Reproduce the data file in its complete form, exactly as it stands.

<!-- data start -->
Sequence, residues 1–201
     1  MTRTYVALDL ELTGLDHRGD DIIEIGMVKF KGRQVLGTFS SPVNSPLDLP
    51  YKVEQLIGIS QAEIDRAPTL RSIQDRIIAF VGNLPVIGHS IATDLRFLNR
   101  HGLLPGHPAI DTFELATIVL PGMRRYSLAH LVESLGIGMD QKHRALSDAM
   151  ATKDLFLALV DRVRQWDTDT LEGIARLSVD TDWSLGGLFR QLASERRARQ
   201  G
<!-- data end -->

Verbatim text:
Sequence, residues 1–201
     1  MTRTYVALDL ELTGLDHRGD DIIEIGMVKF KGRQVLGTFS SPVNSPLDLP
    51  YKVEQLIGIS QAEIDRAPTL RSIQDRIIAF VGNLPVIGHS IATDLRFLNR
   101  HGLLPGHPAI DTFELATIVL PGMRRYSLAH LVESLGIGMD QKHRALSDAM
   151  ATKDLFLALV DRVRQWDTDT LEGIARLSVD TDWSLGGLFR QLASERRARQ
   201  G